Buying a house is the beginning of a life dream. Selling a house is the end of one. Many home sales are triggered by normal life transitions:
- Seeking more space, often for positive reasons, such as wanting more room for children.
- Seeking less space, often for conservation of either maintenance effort or money.
- Following new opportunities in another region or country.
Many home sales are triggered by negative events.
- Death: one or more of the owners died and the property is being sold by the heirs.
- Divorce: neither member of the couple wants or is able to keep the marital home.
- Debt: the owners cannot keep up with their mortgage debt.
One of the joys of being an exclusive buyer’s agent is that we don’t represent people who are coping with the dissolution of a home. We only see it from the other side of the transaction. When negative events trigger the sale, we and our clients sometimes feel the shock wave of the emotions involved. It is most common in divorce; that’s when people who are angry at one another are making a high-impact economic decision together.
Does negative energy stay in a house?
In 2014, my clients and I were in a house that “felt” terribly wrong. Objectively, it was a good house at a very good price. It was a modern build on a flat lot; it had lots of light, no weird additions, no distracting decoration. It was being lived in; nothing seemed amiss. But, from the minute we walked into the kitchen, we felt something wrong with it.
My clients made an offer; the price was really good! After having their offer accepted by the wife, but not the husband, my clients chose to not buy that house. One owner was sabotaging the sale so he could postpone the divorce that he didn’t want. It was over a year later that this house sold to another family.
Whether a house can keep energy from the people before is a matter of belief that is personal. Some people are sensitive to this energy; others think it doesn’t exist.
Everyone can feel a difference when a house has been cleaned or aired out – whether it is your new house or one you’ve been living in a while. For most new owners, it is sufficient to clean the house and move in. Once the boxes are unpacked, it’ll feel like home. A cleansing goes deeper to rid a house of the leftover feel of the previous owners.
The recipe for cleaning and cleansing a house:
When I was working with those clients trying to buy that divorce house in 2014, I asked around for someone who knew how to cleanse a house from the anger that we felt. I consulted Vincent Russo about how to clean the weird energy out of that divorce house.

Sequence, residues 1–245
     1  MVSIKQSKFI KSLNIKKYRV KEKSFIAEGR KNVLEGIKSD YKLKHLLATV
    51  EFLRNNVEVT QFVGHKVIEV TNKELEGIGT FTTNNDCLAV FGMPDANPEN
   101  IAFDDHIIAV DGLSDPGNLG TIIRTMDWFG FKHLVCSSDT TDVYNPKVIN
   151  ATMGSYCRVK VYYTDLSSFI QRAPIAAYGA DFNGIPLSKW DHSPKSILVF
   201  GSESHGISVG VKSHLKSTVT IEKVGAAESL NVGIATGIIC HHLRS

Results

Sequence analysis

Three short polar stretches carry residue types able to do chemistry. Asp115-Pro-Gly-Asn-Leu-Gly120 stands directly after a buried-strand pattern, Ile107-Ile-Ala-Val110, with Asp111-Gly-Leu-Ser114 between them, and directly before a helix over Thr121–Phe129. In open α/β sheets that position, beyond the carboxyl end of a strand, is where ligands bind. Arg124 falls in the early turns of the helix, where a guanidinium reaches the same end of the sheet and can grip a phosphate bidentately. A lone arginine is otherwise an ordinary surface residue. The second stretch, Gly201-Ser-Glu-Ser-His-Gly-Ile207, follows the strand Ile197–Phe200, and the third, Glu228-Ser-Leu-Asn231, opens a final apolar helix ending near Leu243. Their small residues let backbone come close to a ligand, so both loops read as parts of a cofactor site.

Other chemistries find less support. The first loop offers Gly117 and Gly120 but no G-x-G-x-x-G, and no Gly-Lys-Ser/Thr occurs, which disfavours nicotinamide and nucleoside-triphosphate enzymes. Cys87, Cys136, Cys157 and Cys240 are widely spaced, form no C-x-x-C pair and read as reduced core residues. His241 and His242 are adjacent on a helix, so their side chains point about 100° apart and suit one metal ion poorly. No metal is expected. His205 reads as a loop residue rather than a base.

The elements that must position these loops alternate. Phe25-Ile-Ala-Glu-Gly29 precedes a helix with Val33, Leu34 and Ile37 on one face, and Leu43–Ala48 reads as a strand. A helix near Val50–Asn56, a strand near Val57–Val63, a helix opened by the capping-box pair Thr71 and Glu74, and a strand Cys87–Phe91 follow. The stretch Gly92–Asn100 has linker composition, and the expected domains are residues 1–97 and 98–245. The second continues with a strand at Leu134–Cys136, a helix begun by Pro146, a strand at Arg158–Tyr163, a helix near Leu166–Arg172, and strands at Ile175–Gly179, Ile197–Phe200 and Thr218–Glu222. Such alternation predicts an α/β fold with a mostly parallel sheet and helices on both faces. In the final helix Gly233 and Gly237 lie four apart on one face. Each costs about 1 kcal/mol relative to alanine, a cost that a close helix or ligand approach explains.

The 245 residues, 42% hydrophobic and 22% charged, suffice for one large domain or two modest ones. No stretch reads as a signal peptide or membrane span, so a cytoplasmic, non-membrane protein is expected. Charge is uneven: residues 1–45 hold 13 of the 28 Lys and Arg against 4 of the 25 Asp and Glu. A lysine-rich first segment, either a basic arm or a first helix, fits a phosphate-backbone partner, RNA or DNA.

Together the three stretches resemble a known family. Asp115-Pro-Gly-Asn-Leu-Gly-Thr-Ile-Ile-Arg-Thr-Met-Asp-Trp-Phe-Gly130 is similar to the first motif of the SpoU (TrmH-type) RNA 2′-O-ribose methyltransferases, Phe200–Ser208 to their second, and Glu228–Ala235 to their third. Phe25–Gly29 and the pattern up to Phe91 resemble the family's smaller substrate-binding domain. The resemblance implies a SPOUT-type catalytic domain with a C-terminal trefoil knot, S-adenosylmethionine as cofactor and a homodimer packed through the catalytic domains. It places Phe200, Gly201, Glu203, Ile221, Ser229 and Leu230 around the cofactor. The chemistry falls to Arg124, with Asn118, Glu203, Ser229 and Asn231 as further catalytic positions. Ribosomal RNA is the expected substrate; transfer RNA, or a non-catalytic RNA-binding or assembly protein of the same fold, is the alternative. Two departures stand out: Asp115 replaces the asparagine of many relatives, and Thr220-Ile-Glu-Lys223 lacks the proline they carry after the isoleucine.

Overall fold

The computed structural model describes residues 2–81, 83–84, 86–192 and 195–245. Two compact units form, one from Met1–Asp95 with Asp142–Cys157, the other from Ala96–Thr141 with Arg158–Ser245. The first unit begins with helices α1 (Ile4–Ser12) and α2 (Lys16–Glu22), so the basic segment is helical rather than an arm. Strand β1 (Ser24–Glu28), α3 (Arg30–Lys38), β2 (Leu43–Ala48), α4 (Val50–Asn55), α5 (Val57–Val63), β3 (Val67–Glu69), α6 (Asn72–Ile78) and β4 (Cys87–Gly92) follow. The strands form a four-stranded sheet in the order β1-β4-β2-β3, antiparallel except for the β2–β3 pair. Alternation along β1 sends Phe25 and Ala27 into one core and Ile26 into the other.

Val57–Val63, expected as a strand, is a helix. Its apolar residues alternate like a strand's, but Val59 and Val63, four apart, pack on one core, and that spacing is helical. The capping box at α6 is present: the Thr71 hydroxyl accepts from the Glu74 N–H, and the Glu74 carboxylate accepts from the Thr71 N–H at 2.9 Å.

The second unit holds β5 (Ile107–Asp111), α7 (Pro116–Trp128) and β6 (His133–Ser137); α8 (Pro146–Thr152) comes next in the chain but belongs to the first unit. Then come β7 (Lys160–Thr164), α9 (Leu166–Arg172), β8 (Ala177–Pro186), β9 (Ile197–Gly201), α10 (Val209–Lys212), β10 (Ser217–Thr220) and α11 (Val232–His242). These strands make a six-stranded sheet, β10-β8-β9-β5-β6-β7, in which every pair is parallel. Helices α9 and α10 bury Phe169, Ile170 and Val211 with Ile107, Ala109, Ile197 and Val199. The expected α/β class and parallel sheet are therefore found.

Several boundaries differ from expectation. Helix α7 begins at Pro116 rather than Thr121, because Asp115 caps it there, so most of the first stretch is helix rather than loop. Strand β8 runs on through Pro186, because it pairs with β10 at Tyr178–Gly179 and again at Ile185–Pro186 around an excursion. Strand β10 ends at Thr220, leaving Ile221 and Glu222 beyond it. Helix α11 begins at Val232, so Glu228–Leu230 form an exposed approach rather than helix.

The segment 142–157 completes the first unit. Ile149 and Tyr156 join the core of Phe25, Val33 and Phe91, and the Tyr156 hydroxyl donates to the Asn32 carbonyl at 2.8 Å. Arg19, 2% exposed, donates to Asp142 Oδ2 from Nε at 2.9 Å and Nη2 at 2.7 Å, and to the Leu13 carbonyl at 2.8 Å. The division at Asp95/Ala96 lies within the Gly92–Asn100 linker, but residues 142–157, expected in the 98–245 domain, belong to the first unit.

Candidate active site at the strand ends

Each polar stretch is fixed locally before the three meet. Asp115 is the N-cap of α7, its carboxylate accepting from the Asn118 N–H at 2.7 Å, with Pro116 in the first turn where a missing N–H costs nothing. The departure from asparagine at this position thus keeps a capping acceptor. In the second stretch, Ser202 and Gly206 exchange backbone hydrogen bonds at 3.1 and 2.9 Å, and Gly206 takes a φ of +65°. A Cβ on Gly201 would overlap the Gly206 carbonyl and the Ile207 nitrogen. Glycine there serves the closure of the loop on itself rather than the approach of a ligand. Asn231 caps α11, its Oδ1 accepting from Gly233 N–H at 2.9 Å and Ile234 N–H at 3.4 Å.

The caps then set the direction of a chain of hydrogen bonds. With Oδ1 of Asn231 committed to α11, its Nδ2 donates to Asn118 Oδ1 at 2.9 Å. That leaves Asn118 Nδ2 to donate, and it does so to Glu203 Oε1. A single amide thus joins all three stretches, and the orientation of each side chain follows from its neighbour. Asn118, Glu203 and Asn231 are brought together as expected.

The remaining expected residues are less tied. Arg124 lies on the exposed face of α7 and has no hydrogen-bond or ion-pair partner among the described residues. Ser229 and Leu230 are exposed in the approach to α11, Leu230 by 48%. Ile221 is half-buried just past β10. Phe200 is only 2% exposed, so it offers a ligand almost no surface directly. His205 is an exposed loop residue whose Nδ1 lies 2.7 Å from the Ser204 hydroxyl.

Monday was the Spring Equinox. We are headed into the lighter and warmer time of the year. Most people are at home more often now than before the pandemic. If your house needs cleansing, this is a good time to get started, because open-window season is just around the corner.
The spiritual practice of cleansing takes a few minutes a week. Vinnie’s ritual is this.
The physical cleaning comes from Yummy Life.
You can make a supply of cleaner that is non-toxic, cleans great and smells great by using the recipe below:
- Distilled white vinegar (or as pure alcohol as you can get)
- Citrus peels — lemons, oranges, limes, grapefruit
- Herbs — rosemary, thyme, & mint
- Spices– whole cinnamon & cloves
- Extracts–vanilla, almond, mint
- Essential oils (optional)
Make the scented vinegar concentrate:
Use a 2 quart jar or sealable container. Add citrus peels, spices, herbs, and extracts (see suggested combinations below). Pour in enough vinegar to cover completely (approx. 5-6 cups). Cover tightly and let sit for at least 2 weeks (or as long as 1 month), shaking the jar every few days to redistribute contents. Strain liquid and store in covered jar or container for up to 1 year.
Diluting the concentrate for use:
Mix in a spray bottle using 1/3 cup scented vinegar concentrate for each 2/3 cups water. Add 3-4 drops essential oils or 1/2 to 1 teaspoon extract to enhance scent, if desired. Shake and use for cleaning most surfaces. Not recommended for granite or marble surfaces.
- Orange Spice. 4-6 cinnamon sticks, 1-2 tablespoons whole cloves, and 1 tablespoon almond extract, enough orange peels to fill jar.
- Lemon Rosemary. 3-4 large rosemary sprigs, 1 tablespoon vanilla extract, enough lemon peels to fill jar.
- Lime Thyme. 6 sprigs thyme, enough lime peels to fill jar.
- Grapefruit Mint. 8 large sprigs of mint (or 1 tablespoon mint extract), enough grapefruit peels to fill jar. [source]